Researchers are uncertain exactly what causes phobias. However, it is commonly believed that certain factors — likely in various combinations with each other — may increase the likelihood that a phobia will develop.
These factors include:
Research has shown that certain phobias may run in families. For example, twins who are raised separately in different locations may develop the same phobias. But at the same time, many people with phobias have no relatives with the condition.
Adults and children who move to countries where there is a language barrier may have phobias of socialization due to the embarrassment they feel.
The brain has special chemicals, called neurotransmitters, that send messages back and forth to control the way a person feels. Serotonin and dopamine are two important neurotransmitters that when “out of whack” can cause feelings of anxiety that can lead to phobias.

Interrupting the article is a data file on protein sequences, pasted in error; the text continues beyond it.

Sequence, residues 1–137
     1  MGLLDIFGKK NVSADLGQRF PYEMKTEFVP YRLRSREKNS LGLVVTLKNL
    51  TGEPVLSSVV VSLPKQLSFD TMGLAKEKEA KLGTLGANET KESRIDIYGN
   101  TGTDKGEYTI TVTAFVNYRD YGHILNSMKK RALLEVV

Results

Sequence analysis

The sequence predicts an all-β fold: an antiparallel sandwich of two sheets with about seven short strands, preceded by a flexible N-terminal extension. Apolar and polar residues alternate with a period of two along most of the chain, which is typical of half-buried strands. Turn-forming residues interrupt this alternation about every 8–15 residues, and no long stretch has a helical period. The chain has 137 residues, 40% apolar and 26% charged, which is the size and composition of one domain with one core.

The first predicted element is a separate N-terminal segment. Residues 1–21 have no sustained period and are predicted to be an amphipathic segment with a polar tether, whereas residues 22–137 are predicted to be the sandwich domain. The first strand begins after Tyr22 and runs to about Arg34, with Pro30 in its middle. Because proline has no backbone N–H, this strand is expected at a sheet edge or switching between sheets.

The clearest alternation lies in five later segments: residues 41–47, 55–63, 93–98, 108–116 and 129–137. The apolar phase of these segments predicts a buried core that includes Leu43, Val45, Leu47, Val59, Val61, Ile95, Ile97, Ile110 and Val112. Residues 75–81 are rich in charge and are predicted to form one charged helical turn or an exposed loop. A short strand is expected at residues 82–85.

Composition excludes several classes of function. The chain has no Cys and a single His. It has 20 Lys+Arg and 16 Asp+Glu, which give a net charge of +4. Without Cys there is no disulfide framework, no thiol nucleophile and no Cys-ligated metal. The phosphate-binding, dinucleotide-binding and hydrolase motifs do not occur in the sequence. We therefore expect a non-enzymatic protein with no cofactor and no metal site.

Anxiety and fear can be inherited. Just as a child can inherit a parent’s brown hair, green eyes and nearsightedness, a child can also inherit that parent’s tendency toward excessive anxiety. In addition, anxiety may be learned from family members and others who are noticeably stressed or anxious around a child. For example, a child whose parent shows immense fear of spiders may learn to fear spiders, too.
Life experiences (environment):
Real-life events that may or may not be consciously remembered can also cause phobias. A traumatic experience (such as a divorce, illness or death in the family) or even just a major life event like the start of a new school year may also trigger the onset of an anxiety disorder. Remembering an attack from a dog when you were younger may lead to a phobia of dogs. Being bullied in school when growing up can also lead to a social phobia as an adult.
More info (opens in new window): National Institute of Mental Health, February 13, 2008